Design is both an important strategic competitive parameter and a severely untapped economic resource. Far too many companies and organizations create products and services by looking at themselves and their own needs, instead of taking into account users and their expectations. In the field of digital design, this untapped potential is seen in online stores with low conversion rates, campaigns with poor ROI, digital service solutions that are virtually unused, etc.
These are all examples of extensive investments in digital solutions that would have had greater effect (and would most likely have cost less) if designers had been involved earlier in the development process. Poorly designed products and services face difficulties in a time when we use the internet to search for goods and services, as well as to share our experiences and views with one another. We rely on recommendations from friends, acquaintances and even other online consumers whom we do not know personally.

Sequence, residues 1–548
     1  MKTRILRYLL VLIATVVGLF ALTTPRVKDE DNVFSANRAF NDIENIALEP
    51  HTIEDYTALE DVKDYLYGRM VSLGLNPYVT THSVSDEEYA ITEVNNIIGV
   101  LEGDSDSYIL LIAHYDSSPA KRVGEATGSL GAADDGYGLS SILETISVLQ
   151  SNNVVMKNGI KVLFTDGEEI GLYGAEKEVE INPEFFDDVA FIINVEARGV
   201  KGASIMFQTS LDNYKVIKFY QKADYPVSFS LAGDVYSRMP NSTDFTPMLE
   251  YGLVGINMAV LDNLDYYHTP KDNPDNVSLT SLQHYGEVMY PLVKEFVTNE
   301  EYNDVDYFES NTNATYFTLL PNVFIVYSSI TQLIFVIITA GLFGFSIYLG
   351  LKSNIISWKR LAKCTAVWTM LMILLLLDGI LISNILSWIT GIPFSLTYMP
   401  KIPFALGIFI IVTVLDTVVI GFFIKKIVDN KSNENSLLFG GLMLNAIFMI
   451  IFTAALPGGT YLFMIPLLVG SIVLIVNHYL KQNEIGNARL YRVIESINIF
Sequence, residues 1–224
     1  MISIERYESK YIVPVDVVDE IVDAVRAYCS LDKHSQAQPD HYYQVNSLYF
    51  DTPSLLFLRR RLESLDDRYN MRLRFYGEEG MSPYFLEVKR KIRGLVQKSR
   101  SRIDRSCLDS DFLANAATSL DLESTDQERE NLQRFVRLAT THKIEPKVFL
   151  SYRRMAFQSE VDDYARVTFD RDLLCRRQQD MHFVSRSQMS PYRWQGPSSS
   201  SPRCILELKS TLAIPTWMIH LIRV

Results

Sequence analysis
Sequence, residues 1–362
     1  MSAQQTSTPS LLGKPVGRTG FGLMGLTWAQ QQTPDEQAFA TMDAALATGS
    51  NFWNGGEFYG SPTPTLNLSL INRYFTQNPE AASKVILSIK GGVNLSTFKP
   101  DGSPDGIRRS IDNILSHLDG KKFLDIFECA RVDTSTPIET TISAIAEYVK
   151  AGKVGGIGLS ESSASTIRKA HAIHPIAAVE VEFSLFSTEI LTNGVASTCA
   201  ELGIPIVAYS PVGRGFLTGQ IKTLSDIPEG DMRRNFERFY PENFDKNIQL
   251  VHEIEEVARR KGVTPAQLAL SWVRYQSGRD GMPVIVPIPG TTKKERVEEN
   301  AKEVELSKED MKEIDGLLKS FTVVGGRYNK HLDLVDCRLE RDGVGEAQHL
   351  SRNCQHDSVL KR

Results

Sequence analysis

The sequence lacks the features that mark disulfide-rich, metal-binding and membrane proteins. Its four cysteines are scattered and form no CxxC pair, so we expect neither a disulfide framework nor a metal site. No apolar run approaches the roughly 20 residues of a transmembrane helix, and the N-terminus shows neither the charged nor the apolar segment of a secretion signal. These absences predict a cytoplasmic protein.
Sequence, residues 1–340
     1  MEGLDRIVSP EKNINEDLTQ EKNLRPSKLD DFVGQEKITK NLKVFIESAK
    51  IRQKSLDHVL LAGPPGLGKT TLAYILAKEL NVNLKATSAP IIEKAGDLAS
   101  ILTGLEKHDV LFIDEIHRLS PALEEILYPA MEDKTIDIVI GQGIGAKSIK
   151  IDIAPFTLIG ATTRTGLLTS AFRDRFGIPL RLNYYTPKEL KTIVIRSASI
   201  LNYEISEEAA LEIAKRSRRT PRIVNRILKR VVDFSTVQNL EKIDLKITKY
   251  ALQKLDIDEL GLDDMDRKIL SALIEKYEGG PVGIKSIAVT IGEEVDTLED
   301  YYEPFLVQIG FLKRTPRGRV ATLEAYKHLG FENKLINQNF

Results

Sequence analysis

As a result, it is becoming easier to distinguish between those who deliver the goods and those who do not. Poorly designed products are condemned by the same groundswell who reward quality, well designed products and services, and in this way help to sell them. For this reason, there is plenty of money to be saved by developing quality design.